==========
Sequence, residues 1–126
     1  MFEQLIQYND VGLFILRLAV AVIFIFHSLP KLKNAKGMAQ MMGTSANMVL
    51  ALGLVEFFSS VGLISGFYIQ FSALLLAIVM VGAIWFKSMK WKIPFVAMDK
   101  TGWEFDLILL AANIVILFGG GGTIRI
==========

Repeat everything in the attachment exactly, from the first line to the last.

Sequence, residues 1–126
     1  MFEQLIQYND VGLFILRLAV AVIFIFHSLP KLKNAKGMAQ MMGTSANMVL
    51  ALGLVEFFSS VGLISGFYIQ FSALLLAIVM VGAIWFKSMK WKIPFVAMDK
   101  TGWEFDLILL AANIVILFGG GGTIRI